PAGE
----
RxJS Mastery – RxJS Operator Patterns: concat, merge, switch and exhaust

Many RxJS operators follow similar patterns. You must have noticed until now that there are multiple operators for the family of:

Let us have a look at each of the families and the principle behind it. Understanding it is going to help you decide which operator to use when.

The RxJS concat principle

The concat operators should be used if the order is important. Because concat makes sure that the operator is applied to one Observable at a time until that Observable completes. Once the work on one Observable is done, the next one is taken into account.

Below there is a basic example with three Observables. The concat principle makes sure that all values of the first Observable are emitted before continuing with the second one, and so on.

RxJS concat

Let’s have this example running in a test to give a second view:

const { expectObservable, cold } = helpers;

const mapToIndexedString = () => {
    return map((v, i) => `${v}${i + 1}`);

const source$ = of(
const result$ = source$.pipe(concatAll());

    ['a1', 'a2', 'a3', 'b1', 'b2', 'b3', 'c1', 'c2', 'c3']

The mapToIndexedString function is simply appending the index + 1 to the value coming from the Observable, e.g., a at index 0 is mapped to a1. As we can see the result$ Observable in the above test contains all values. Furthermore, the values are emitted in sequence. Values from the b Observable only arrive once we are done with a, i.e. the first inner Observable has completed.

Please note the following when using concat.

  • If the order and especially the sequential handling is important, concat is a good choice.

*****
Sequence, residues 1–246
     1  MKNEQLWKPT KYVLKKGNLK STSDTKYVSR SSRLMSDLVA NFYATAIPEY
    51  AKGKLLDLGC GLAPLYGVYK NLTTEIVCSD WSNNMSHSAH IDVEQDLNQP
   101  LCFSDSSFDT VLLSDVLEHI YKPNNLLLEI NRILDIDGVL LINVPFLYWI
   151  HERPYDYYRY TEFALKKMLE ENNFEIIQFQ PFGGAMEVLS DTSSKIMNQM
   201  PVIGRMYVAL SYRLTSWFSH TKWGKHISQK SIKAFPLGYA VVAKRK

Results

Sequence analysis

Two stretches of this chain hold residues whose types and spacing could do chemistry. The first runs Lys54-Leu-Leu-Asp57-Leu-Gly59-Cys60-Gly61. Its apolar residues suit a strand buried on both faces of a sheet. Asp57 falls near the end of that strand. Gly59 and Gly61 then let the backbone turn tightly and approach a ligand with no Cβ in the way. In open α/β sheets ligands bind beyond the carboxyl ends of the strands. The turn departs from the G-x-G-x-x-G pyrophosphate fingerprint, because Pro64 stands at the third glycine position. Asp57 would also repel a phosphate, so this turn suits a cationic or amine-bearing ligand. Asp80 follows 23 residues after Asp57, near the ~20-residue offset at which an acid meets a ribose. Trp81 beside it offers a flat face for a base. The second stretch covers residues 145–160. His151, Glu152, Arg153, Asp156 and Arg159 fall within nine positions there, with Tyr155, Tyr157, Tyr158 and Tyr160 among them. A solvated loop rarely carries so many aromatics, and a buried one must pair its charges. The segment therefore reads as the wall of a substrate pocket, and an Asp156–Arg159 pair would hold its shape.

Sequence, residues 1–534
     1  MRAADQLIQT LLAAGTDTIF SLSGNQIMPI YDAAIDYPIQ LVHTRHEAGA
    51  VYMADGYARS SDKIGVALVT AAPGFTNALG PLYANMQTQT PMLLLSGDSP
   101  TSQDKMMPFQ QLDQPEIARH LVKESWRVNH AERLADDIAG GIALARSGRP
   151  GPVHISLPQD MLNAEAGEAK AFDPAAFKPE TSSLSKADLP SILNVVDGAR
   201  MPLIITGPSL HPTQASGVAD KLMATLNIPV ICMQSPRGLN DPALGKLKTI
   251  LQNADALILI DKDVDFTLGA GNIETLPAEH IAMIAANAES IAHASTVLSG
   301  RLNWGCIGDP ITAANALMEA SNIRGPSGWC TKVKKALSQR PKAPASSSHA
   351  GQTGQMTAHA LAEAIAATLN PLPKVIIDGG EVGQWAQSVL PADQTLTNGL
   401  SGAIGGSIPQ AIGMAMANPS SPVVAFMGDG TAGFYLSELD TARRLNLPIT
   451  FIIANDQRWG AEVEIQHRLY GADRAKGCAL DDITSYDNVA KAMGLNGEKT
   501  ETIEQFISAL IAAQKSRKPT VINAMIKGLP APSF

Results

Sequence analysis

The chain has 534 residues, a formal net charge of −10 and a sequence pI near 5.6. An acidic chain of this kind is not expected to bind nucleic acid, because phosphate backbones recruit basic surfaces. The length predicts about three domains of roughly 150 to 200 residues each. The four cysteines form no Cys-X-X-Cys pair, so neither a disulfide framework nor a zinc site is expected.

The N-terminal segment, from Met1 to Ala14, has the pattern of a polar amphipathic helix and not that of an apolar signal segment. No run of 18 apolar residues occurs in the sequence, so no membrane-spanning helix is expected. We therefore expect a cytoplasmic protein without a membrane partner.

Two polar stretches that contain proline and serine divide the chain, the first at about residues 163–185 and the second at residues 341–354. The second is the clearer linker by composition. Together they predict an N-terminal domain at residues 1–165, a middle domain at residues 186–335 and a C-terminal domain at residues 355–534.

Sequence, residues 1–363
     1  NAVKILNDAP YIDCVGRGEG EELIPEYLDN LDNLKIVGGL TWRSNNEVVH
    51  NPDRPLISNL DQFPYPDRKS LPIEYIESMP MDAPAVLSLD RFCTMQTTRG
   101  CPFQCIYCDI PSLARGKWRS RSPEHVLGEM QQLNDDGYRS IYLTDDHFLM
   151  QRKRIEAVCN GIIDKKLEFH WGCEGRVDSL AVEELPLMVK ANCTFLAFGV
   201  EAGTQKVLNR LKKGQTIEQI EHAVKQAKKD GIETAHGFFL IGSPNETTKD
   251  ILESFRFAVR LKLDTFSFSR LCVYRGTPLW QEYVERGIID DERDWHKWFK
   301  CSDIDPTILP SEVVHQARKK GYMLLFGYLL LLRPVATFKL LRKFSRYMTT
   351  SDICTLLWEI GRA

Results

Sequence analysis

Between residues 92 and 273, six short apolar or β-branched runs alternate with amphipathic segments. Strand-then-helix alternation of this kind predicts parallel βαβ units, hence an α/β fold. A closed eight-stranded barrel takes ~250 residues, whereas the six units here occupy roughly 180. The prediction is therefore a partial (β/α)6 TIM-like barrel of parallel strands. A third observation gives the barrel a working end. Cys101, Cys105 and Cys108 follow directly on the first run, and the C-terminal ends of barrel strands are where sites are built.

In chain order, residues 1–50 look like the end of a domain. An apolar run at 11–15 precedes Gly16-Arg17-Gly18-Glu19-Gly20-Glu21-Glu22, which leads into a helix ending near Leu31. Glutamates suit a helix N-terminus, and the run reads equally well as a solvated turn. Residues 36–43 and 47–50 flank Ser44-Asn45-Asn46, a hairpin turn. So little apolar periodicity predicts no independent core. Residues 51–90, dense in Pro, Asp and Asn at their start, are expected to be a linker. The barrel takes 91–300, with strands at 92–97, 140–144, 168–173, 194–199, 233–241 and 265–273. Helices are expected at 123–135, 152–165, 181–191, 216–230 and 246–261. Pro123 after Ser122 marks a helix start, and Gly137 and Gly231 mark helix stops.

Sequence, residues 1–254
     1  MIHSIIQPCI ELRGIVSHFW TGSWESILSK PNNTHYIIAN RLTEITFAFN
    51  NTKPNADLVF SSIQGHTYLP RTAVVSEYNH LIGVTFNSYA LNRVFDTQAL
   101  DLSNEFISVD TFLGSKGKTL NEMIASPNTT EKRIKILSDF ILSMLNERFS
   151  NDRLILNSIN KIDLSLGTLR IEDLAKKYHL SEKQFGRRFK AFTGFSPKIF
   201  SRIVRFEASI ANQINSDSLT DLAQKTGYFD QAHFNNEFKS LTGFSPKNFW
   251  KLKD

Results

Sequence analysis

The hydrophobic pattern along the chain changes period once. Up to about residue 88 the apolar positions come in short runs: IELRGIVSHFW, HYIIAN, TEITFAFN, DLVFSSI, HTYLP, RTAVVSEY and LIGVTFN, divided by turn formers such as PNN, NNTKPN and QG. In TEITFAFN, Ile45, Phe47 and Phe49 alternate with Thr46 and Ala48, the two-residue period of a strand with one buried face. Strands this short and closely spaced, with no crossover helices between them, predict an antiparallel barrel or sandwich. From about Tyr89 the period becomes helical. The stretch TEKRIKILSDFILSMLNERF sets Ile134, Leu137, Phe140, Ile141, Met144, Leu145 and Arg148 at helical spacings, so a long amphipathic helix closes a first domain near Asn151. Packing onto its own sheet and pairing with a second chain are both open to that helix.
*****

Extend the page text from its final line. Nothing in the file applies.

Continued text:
• All values will be considered, i.e. nothing is ignored or cancelled
  • Concat relies on the completion of Observables. Watch out for Observables that don’t complete.

The RxJS merge principle

The merge operators are the way to go if you want to merge multiple independent Observables into a single stream without any special preferences. So, in this case, throughput is good and all values from all Observables are just merged.

RxJS merge

Compared to concat, merge works parallelly on multiple Observables. In fact, concat is a special case of merge with concurrency of 1. In the below example, merge is applied on the same Observables as in the previous case for concat.

const source$ = of(
const result$ = source$.pipe(mergeAll());

result$.subscribe({ next: console.log });

// outputs: a1, b1, c1, a2, b2, c2, a3, b3, c3

Merge is probably the easiest principle among the four mentioned:

  • If you would like to consider all values and you do not care about the order, merge is a good choice.
  • Merge can result in a lot of backpressure though. So, if your further processing of the values is resource-intensive, additional measures should be taken, e.g., throttling or decreasing the concurrency parameter of merge.

The RxJS switch principle

Those operators switch to the newest Observable available. Values from other Observables that were started before are not considered anymore. In fact, switch calls unsubscribe on the current Observable which might even cancel running operations behind that Observable, e.g. an HTTP request.

Operator patterns switch

You would apply a switch operator compared to the others if:

  • you want to limit the execution to one inner Observable
  • running operations should be canceled and new ones taken into account
  • old results are probably not usable and therefore switching to the most recent Observable is the goal.

The RxJS exhaust principle

Exhaust only works on one Observable at a time and ignores new arrivals during that time. Only Observables arriving after the operator is not busy anymore, are again taken into account. This protects running Observables from being canceled. You could say that the operator is exhausted quickly with already one operation and will decline approaches during that time.

RxJS exhaust operator

Exhaust is a good choice for the following cases:

  • There is an HTTP request, e.g. for saving something, that you do not want to have canceled. But at the same time, you also want to prevent too many requests from piling up if the user desperately hits the save button multiple times.

This post is part of the RxJS mastery series. As always the code examples can be found on GitHub.